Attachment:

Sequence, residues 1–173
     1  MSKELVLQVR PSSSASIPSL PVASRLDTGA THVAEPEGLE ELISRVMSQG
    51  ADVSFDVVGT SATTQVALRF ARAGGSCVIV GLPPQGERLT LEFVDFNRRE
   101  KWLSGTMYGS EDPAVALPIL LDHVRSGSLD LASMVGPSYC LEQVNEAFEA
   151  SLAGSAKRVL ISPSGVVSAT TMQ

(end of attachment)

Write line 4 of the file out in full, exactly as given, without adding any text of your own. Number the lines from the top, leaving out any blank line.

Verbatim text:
   101  KWLSGTMYGS EDPAVALPIL LDHVRSGSLD LASMVGPSYC LEQVNEAFEA